Lovely dinner at Trattoria Trecolori on 47th Street, very crowded with the pre-theater seating, but quieted as curtain time approached. Husband Neil has a broken toe, so we couldn’t walk to the restaurant and decided to grab a pedicab. We’d never ridden in one. I think he’s at the bank now trying to negotiate a second mortgage. We chalked it up to a nice “experience,” which, on such a lovely warm evening, it was.

Sunday morning, we saw the special Winslow Homer exhibit at the Metropolitan Museum. Really, really wonderful. Lots to like, including Maine seascapes you could drown in. As you probably know, he’s considered a greater artist with watercolor than with oils. On one occasion, he produced a watercolor, and when the buyer was told the price, he said, “But it only took you an hour to paint it!” “An hour to paint, a lifetime to learn how.” (Now you know my full repertoire of artists’ quips.)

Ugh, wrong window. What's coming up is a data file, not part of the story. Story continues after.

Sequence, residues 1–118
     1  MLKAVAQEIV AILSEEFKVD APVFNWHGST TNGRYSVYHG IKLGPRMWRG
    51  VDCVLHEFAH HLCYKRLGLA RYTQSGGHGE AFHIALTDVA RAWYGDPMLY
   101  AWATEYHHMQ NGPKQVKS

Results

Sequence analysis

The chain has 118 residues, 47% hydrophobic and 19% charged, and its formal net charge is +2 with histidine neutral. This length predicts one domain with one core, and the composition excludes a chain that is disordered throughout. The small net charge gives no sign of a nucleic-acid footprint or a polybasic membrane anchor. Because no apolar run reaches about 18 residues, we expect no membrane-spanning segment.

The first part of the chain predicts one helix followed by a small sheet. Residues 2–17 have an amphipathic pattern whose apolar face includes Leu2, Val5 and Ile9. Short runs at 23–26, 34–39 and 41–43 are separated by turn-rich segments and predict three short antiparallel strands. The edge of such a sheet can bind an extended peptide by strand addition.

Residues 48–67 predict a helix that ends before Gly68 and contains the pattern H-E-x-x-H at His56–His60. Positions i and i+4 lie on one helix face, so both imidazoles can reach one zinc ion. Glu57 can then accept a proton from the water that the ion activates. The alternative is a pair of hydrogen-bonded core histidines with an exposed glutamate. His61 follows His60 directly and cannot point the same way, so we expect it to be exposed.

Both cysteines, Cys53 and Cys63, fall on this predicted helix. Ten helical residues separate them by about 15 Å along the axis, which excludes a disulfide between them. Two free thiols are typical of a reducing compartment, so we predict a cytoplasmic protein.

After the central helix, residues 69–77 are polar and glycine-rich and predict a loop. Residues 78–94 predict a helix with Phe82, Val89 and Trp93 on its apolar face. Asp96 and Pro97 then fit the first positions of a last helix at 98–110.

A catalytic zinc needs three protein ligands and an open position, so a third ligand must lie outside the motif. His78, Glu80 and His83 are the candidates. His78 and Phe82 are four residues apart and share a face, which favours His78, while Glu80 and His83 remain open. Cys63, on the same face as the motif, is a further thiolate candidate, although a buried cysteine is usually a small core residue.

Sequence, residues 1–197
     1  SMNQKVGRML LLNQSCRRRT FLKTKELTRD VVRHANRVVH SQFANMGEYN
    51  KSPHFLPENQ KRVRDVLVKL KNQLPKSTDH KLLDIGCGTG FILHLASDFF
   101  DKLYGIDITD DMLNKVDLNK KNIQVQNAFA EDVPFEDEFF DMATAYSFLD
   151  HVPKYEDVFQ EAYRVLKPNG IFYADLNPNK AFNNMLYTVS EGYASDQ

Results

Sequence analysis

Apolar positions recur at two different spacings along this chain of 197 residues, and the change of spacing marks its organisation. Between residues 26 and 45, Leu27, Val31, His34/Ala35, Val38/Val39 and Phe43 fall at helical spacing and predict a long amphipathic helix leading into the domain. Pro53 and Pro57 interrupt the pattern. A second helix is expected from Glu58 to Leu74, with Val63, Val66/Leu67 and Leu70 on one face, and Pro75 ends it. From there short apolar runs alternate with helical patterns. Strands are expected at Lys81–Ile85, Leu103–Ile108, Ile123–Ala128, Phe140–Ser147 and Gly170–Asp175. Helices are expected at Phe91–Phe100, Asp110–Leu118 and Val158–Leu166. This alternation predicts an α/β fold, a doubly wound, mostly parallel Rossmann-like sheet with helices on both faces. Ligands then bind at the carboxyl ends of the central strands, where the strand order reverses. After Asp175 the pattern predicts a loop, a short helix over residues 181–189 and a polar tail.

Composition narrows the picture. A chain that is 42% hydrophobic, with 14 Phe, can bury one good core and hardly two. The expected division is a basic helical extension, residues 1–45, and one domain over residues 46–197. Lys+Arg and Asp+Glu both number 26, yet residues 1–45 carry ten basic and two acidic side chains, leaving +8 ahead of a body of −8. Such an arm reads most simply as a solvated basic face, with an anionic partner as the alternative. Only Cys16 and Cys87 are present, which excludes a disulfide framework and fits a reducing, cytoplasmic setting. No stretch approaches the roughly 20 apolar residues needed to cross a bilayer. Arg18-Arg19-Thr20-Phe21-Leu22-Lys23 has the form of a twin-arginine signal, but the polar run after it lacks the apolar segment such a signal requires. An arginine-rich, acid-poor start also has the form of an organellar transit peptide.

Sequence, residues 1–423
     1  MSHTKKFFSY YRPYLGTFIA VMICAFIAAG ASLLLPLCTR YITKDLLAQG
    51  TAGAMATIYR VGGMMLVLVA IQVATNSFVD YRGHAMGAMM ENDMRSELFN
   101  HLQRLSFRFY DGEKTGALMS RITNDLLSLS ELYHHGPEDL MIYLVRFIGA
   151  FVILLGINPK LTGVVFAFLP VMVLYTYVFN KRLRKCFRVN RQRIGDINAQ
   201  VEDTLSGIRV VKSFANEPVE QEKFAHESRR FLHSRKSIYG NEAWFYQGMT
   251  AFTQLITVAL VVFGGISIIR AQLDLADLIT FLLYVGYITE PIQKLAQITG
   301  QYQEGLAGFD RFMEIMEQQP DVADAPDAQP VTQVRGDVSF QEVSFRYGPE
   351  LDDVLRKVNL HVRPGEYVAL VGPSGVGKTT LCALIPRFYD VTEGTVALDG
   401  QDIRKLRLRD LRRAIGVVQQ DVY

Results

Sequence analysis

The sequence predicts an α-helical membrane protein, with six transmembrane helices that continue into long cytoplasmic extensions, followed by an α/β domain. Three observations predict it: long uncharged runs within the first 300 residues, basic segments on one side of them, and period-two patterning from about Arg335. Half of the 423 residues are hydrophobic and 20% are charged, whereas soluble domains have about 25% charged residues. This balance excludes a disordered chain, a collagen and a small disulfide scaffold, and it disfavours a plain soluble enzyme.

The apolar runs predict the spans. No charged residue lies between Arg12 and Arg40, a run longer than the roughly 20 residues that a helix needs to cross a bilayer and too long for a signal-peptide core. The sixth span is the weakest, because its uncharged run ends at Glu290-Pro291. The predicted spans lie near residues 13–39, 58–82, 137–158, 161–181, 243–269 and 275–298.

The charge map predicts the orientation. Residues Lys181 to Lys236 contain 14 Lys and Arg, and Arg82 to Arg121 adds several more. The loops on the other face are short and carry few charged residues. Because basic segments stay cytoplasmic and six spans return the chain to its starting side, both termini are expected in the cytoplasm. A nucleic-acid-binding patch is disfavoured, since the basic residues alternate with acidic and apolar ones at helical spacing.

Next up, the matinee of The Music Man with Hugh Jackman and Sutton Foster. When the railway coach full of traveling salesmen appeared for the opening number, such an excited din arose, I thought I’d teleported to a high school football game somewhere in Texas. Then, when Hugh Jackman stood up at the rear of the train car, it was, wow, must be the championship game! Excellent singing, lively rendition of the score, choreography fresh and inventive, I liked the sets. The whole show is an exceedingly pleasant package.

During intermission, the drama continued in the long line for the men’s room. A belligerent man behind Neil complained loudly and incessantly, as if he were the only person who had to wait his turn. The usher tried to settle him down, but the man totally lost it. When Neil got back to our seats, he started to tell me about it, but I’d already heard the whole story from the two guys sitting behind us. Never a dull moment!

We topped all this off with a sushi dinner, made a 7:14 train. Arrived home, greeted by cats.

Weekend Movie Pick: Elvis